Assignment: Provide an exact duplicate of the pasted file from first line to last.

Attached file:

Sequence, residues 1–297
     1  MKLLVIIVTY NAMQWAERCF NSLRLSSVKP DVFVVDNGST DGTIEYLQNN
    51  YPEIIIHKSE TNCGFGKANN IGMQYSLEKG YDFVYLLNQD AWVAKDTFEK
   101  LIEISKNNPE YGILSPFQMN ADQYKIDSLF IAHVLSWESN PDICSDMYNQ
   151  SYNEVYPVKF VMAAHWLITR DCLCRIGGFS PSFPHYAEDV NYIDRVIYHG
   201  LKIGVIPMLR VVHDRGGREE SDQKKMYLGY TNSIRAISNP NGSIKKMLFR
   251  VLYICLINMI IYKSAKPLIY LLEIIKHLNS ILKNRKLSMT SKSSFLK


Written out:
Sequence, residues 1–297
     1  MKLLVIIVTY NAMQWAERCF NSLRLSSVKP DVFVVDNGST DGTIEYLQNN
    51  YPEIIIHKSE TNCGFGKANN IGMQYSLEKG YDFVYLLNQD AWVAKDTFEK
   101  LIEISKNNPE YGILSPFQMN ADQYKIDSLF IAHVLSWESN PDICSDMYNQ
   151  SYNEVYPVKF VMAAHWLITR DCLCRIGGFS PSFPHYAEDV NYIDRVIYHG
   201  LKIGVIPMLR VVHDRGGREE SDQKKMYLGY TNSIRAISNP NGSIKKMLFR
   251  VLYICLINMI IYKSAKPLIY LLEIIKHLNS ILKNRKLSMT SKSSFLK